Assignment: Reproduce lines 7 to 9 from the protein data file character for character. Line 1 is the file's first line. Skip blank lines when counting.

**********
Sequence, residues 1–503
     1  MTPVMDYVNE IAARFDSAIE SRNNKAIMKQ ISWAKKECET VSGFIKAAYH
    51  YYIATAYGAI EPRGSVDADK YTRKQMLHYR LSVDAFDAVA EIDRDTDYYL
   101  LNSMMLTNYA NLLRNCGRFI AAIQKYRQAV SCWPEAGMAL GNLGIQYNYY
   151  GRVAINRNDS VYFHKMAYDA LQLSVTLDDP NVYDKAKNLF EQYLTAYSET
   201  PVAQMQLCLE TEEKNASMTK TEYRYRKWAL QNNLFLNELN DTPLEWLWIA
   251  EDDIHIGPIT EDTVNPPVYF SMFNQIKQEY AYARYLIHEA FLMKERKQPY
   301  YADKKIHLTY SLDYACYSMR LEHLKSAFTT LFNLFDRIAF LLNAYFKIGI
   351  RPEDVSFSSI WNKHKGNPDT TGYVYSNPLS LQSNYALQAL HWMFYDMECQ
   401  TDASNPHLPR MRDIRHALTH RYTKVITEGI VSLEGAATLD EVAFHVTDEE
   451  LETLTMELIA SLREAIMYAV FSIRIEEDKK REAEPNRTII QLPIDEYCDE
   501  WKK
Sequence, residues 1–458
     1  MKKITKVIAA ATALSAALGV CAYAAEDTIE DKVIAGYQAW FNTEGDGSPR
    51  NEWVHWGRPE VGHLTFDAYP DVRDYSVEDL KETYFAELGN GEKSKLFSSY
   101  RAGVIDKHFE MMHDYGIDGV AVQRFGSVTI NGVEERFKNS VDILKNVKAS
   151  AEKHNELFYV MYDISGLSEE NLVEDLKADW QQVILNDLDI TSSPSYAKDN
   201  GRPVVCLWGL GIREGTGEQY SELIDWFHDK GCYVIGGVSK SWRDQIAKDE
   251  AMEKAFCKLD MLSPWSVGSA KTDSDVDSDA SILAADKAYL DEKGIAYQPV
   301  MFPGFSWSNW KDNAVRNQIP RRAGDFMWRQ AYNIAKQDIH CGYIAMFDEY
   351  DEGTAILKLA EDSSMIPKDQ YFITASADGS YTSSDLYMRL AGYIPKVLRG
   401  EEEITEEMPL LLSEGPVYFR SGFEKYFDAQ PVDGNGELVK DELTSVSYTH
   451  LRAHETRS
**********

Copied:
   251  EDDIHIGPIT EDTVNPPVYF SMFNQIKQEY AYARYLIHEA FLMKERKQPY
   301  YADKKIHLTY SLDYACYSMR LEHLKSAFTT LFNLFDRIAF LLNAYFKIGI
   351  RPEDVSFSSI WNKHKGNPDT TGYVYSNPLS LQSNYALQAL HWMFYDMECQ